Today’s 4G problems are setting the scene for 5G.
Prediction: 4G will remain the priority for the majority of Asia Pacific
The largest 5G infrastructure projects will be embarked upon over the coming 10 years, with only small pockets of success in trials seen to date. While 5G will continue to evolve alongside 4G networks, the era of 5G isn’t quite upon us yet. In some APAC countries, 4G has only just been rolled out, so it will be some time still before 5G networks hit critical mass. According to forecasts by GSMA, 4G will still account for 68% of global mobile users by 2025 in this region. Many rural areas could still operate under LTE models, simply due to the longer range of 4G, compared to 5G’s mmWave.
If existing security risks are not dealt with and roll over, mobile ISPs could be the first point of failure during a cyberattack, and vulnerabilities, such as unsecured IoT systems, could be amplified exponentially under 5G if not addressed at 4G. New cybersecurity approaches are needed today, including adopting a preventive approach to security, increasing levels of security automation, establishing contextual security outcomes and integrating security functions with APIs. We foresee that 4G will continue to be targeted by hackers as a potential gateway to 5G networks over the next few years.
The talent shortage isn’t what you think it is.
Prediction: Curious minds and problem solvers wanted
The demand for cybersecurity will continue outstripping the supply until there is a fundamental shift in mindset. Two complementary approaches will be required to address this challenge: the adoption of automation and exploring alternative sources of talent.
Automation is going to be a key element in the future of cybersecurity because human operators should not be required – and expected – to do everything. Instead, they need to harness skill sets that cannot be automated and focus on higher-order tasks, such as problem-solving, communication and collaboration. This will necessitate a reexamination of today’s security operating centre (SOC) structure, and a corresponding change in the types of professionals needed for these new roles, in order to accurately identify and fill some of these gaps. Companies and recruiters need to stop searching for unicorns (they don’t exist!) and start looking in the right wells for talent.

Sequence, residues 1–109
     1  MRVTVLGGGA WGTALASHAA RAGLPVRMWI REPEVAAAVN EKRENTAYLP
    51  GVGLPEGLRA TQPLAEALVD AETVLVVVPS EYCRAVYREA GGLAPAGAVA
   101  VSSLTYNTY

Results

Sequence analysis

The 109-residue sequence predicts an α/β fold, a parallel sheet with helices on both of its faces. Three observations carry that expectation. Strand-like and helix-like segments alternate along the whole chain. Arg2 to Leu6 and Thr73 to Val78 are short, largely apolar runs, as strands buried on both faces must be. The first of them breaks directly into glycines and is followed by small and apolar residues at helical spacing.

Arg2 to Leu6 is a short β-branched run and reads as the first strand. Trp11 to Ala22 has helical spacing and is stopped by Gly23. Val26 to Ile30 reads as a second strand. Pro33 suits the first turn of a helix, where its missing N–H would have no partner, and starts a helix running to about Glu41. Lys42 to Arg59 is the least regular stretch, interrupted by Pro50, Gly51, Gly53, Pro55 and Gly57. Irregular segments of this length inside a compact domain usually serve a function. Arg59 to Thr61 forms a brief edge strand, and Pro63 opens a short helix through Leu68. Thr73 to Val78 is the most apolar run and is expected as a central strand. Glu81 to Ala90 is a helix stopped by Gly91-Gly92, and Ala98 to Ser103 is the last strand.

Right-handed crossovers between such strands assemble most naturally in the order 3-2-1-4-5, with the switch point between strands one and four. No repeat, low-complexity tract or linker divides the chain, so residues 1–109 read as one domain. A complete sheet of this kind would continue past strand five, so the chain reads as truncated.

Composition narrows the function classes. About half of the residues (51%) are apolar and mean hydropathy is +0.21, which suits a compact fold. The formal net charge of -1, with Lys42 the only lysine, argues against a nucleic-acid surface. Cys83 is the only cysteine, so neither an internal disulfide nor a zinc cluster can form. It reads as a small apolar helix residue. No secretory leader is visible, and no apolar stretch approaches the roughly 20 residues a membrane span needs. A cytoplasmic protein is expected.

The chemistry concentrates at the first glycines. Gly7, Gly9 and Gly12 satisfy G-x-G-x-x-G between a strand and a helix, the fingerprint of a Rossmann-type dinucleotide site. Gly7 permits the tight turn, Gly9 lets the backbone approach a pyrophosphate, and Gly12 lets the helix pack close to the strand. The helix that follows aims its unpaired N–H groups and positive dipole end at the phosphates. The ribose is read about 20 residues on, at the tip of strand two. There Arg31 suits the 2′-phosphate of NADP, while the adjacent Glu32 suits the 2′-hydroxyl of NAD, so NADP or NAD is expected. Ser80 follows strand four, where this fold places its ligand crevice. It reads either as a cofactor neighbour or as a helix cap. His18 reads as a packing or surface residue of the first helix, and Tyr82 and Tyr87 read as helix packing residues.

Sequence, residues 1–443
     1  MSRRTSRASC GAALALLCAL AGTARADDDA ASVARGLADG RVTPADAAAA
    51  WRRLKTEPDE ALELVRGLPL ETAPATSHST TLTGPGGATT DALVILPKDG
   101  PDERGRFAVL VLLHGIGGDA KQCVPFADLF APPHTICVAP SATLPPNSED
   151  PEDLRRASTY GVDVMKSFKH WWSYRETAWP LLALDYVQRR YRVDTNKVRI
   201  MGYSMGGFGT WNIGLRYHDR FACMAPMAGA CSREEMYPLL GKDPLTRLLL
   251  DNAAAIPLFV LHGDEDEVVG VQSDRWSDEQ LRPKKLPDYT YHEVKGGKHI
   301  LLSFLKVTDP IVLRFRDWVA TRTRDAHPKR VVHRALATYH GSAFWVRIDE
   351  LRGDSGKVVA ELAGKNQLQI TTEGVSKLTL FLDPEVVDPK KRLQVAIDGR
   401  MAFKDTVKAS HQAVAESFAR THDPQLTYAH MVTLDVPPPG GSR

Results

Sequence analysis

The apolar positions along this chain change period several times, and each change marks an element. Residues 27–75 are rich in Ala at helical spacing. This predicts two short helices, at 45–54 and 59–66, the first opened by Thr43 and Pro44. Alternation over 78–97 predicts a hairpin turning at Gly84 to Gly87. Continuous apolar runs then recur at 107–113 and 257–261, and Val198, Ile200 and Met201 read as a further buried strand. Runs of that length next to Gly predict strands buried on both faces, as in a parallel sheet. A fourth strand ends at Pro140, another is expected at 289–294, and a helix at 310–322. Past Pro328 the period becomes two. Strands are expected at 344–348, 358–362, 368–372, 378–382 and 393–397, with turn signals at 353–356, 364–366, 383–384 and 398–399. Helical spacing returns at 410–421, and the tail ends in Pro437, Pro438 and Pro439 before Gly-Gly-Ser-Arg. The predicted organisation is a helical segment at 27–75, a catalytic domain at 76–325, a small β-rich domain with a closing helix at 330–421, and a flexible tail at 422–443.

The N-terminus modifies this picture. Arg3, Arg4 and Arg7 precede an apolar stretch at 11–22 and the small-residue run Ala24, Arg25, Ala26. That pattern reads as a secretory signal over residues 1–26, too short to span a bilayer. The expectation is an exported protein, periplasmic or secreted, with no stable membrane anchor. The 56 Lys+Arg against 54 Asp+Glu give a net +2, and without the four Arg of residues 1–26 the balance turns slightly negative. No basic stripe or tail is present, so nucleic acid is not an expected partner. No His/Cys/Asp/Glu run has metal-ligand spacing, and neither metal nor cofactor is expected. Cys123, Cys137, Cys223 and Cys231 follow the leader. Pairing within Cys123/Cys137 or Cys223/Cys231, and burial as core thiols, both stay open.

In 2020, we expect to see greater evaluation of EQ rather than IQ to find curious minds with problem-solving skills, be they engineers, analysts or even communications specialists. Investments need to be made to upskill and cross-skill these overlooked sources and groom these capable individuals into the talent we need. The workforce category in the NICE Framework is a helpful and practical starting point for companies looking to accurately identify the relevant cybersecurity skills gaps within an organisation.
Navigating IoT will become a minefield for everyone.
Prediction: Your wireless doorbell might welcome more than your visitors
In 2020, we will see the evolution of IoT security play out in two key spheres: Personal and Industrial IoT. From connected doorbell cameras to wireless speaker systems, we will see a growth in attack modes coming in via unsecured apps or weak login credentials. This threat is further complicated by the emergence of accessible deepfake technology, which can pose a threat for voice- or biometric-controlled connected devices. The mimicry of what were once the strongest biological identifiers to access and control connected systems will have an impact beyond the homes of individuals and into the enterprise environment.
For enterprises, one sector in which we expect to see significant changes take effect is manufacturing, a key pillar of many Asian economies. Manufacturers are looking to deploy sensors, wearables and automated systems as a way to streamline production, logistics and employee management via data collection and analytics. Organisations will need to ensure that these connected devices can leverage automated features, such as built-in diagnostics, continuous vulnerability scanning and advanced analytics in order to remain on top of threats.
Connected devices will need to be continuously retrofitted and updated in order to remain secure. There also is a growing trend among governments globally – including those in Asia Pacific- to issue guidance or regulations related to IoT device security. Further, efforts also are ongoing in industry standards groups to develop relevant security standards for IoT devices, such as the draft ISO/IEC 27037 standard. Both of these trends are certain to impact IoT device deployment to some degree. We also expect prioritisation of public education to accompany the rapid growth and adoption of connected devices.